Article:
“After you flag it, if it’s not gone in three days, you can contact support. Right now the only way to contact GMB support is via email. There’s a link to a forum you can submit. And if that doesn’t work, you can post on the Google My Business forum if you’re convinced.”
She says sometimes, though, there’s not much that can be done.
“There was one guy I was helping this week who had an onslaught of like 20 negative reviews, all within the last couple of weeks, one after the other, but none of the reviews had text in them. They’re one-star ratings, no text. But it’s blatantly obvious they’re fake. This is not natural, he wasn’t getting these before, and the fact that they’re spread out so perfectly and none of them have any text, but Google refused to remove them.”
She says she feels this is a flaw in Google’s guidelines, failing to act on ratings without text.
“There’s nothing they can use to say it’s against the guidelines, but that’s one case where I escalated it and pushed back.”
Joy says prompting people in an email, asking for reviewers to give feedback on specific things directly, doesn’t work for the team at Sterling Sky. They’ve tested it, and it didn’t appear to work when they did.
"I think at the end of the day people are just really rushed,” she says. “I saw a comedian actually talk about how much people are asked for feedback on a constant basis. It’s kind of like overload these days. It’s another struggle. People are literally getting bombarded by every company to leave feedback. There’s only so much time in the day.”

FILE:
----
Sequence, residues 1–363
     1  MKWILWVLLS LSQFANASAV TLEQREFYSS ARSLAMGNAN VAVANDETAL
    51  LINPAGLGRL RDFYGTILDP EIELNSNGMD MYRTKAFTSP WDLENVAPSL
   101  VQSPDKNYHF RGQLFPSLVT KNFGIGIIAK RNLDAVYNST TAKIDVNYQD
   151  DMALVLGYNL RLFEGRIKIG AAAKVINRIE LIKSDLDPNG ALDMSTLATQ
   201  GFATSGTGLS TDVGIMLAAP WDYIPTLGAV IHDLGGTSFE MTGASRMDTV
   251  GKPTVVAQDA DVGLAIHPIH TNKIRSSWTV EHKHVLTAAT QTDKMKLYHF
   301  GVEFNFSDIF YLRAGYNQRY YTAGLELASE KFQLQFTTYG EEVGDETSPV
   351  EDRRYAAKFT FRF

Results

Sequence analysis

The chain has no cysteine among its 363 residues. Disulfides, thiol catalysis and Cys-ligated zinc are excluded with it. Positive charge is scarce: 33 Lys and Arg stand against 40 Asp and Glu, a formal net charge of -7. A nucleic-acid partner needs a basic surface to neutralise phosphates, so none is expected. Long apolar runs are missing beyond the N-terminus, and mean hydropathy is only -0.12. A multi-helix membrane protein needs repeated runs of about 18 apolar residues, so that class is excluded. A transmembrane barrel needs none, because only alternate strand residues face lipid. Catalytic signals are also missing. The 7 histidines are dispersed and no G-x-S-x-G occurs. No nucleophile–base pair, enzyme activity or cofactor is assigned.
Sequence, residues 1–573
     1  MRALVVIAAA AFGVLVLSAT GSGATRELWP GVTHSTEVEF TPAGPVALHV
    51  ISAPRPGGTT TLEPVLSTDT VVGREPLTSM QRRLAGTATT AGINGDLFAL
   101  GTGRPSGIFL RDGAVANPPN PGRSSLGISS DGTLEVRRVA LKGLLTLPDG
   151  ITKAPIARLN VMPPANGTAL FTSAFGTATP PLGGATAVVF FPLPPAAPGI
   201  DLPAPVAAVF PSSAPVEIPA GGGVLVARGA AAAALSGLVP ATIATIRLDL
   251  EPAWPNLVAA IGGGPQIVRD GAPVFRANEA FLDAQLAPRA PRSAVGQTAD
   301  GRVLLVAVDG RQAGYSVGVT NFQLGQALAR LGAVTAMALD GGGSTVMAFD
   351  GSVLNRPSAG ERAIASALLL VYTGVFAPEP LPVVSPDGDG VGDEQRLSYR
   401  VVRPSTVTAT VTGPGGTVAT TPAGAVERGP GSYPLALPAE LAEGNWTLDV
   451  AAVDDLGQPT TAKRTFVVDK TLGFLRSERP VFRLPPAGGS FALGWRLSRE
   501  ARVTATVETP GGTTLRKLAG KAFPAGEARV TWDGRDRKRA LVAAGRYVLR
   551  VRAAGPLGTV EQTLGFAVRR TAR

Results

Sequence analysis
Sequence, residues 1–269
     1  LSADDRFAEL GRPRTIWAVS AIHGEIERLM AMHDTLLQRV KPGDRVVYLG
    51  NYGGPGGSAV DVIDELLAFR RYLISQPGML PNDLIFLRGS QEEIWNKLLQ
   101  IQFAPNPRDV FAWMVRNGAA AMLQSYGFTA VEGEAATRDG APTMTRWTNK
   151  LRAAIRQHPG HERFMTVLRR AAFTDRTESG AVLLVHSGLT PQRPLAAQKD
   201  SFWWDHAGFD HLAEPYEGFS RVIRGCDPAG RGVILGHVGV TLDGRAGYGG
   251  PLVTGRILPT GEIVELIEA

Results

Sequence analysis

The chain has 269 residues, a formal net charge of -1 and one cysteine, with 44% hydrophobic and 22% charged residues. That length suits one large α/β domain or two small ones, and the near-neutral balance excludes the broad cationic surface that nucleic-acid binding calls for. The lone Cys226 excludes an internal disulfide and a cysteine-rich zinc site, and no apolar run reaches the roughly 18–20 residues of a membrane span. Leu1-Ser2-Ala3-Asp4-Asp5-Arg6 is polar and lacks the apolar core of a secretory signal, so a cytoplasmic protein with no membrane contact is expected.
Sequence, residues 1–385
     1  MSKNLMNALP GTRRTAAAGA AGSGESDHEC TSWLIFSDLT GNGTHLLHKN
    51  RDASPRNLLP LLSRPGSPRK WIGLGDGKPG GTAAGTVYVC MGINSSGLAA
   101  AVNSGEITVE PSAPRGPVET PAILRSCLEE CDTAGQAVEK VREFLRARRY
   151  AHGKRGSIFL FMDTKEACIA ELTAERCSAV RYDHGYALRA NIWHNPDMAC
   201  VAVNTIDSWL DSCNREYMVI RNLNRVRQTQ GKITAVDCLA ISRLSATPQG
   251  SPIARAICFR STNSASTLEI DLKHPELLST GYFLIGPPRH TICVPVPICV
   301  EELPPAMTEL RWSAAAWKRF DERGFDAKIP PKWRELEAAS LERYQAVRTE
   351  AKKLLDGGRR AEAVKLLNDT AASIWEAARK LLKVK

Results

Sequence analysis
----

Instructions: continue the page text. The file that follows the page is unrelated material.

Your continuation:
She says the method you use and the personalization behind it are going to help your success rate more than just adding in some text. Joy says she spends several hours a month testing different theories like this.
“We wanna find new tactics. Some of them we share and some we don’t. Sometimes we discover something and we’re like, ooh, this is good. And nobody knows. So I really encourage agencies to do that themselves. Know that the people who are writing and publishing aren’t publishing everything. Nobody publishes everything. And there’s a lot of bad information out there, too. It’s always important to do your own experimentation.”
Sterling Sky is connected with an organization called I Live Again Uganda. It’s an African-run organization that helps people who have PTSD from the Ugandan Civil War.
You don’t even have to donate to it directly to support it, at least, not if you’re going to Local U.
“The proceeds from our upcoming Local U event, which is happening online in November, will be donated to that organization.”
Yet she also does encourage listeners to look into the organization to see if it’s something they want to get more involved with themselves as well.
Want to connect with Joy? Find her on Twitter or the Local Search Forums.